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Portals and Rails, a blog sponsored by the Retail Payments Risk Forum of the Federal Reserve Bank of Atlanta, is intended to foster dialogue on emerging risks in retail payment systems and enhance collaborative efforts to improve risk detection and mitigation. We encourage your active participation in Portals and Rails and look forward to collaborating with you.

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March 26, 2012


Is the Internet the world's largest crime scene?

"If the Internet is a place, it's probably the world's largest crime scene," said Peter Liske, vice president of product management at Threatmetrix. Listening to Peter talk recently at the 1st annual CARTES in North America conference, I immediately visualized my computer screen filled with chalked outlines of bodies representing victims of online crimes. While crime on the Internet can take on many forms, I am focusing today's blog on online shopping fraud. According to CyberSource's 2012 Online Fraud Report, merchants lost an estimated $3.4 billion in 2011 due to fraud taking place in "the world's largest crime scene."

Although $3.4 billion in losses is nothing to smile about, the report offers some good news in the merchants' ongoing battle against cybercriminals. Most notably, merchants are proving that when technology and other fraud detection tools are implemented effectively, fraud can be reduced. In 2011, merchants reported that 0.6 percent of orders were lost to fraud, a 33 percent decrease from 2010. A key reason for this decline of orders lost to fraud appears to be increased investment or usage of tools by the merchants to identify, track, and prevent fraud. In 2011, merchants used more technology and other tools to automatically detect fraud. They also engaged in more manual reviews of orders. In fact, during 2011, the largest merchants (annual online revenue of over $25 million) used more automated fraud detection tools than did smaller merchants, resulting in substantially lower fraud rates for the largest merchants.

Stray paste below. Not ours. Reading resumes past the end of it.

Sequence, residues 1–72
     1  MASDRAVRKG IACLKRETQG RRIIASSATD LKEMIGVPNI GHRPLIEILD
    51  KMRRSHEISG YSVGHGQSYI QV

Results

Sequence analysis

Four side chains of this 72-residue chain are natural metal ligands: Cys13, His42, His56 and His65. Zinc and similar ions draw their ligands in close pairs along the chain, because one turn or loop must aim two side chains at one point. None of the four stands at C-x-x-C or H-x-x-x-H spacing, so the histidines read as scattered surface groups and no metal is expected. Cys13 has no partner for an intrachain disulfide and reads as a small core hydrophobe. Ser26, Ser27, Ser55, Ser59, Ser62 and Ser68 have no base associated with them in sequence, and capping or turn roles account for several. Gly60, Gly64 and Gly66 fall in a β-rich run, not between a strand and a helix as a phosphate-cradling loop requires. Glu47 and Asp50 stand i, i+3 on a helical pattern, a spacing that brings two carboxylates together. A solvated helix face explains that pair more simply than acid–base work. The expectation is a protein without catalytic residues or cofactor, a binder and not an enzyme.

Unfortunately, these fraud detection tools come with a cost, and the manual review of transactions is both an expensive and laborious task. According to the CyberSource report, 75 percent of the merchants surveyed do not plan to increase staffing levels related to fraud management in 2012. Further, 78 percent of the merchants expect to make no increase to their fraud management budgets in 2012.

As sales volume on the Internet continues to grow, merchants will have the difficult task of fighting fraud with their limited resources. To keep battling in "the world's largest crime scene," it will be imperative for them to optimize their automated fraud detection tools in today's constrained environment. As merchants engage in this tight-wire act between fraud losses and prevention costs, will they continue to be able to lower the incidents of fraud?

By Douglas A. King, payments risk expert in the Retail Payments Risk Forum at the Atlanta Fed

March 26, 2012 in cybercrime, fraud | Permalink

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